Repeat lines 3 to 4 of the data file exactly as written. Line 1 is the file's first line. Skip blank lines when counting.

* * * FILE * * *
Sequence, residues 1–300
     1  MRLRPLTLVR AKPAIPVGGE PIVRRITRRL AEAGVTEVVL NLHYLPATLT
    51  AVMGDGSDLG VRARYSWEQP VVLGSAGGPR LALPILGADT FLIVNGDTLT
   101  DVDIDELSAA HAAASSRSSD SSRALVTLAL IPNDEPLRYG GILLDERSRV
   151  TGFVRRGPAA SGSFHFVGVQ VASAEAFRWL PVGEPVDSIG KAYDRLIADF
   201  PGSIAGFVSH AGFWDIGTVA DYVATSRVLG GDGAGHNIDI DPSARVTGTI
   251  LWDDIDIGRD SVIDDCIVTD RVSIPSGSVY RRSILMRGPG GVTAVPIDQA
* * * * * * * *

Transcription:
    51  AVMGDGSDLG VRARYSWEQP VVLGSAGGPR LALPILGADT FLIVNGDTLT
   101  DVDIDELSAA HAAASSRSSD SSRALVTLAL IPNDEPLRYG GILLDERSRV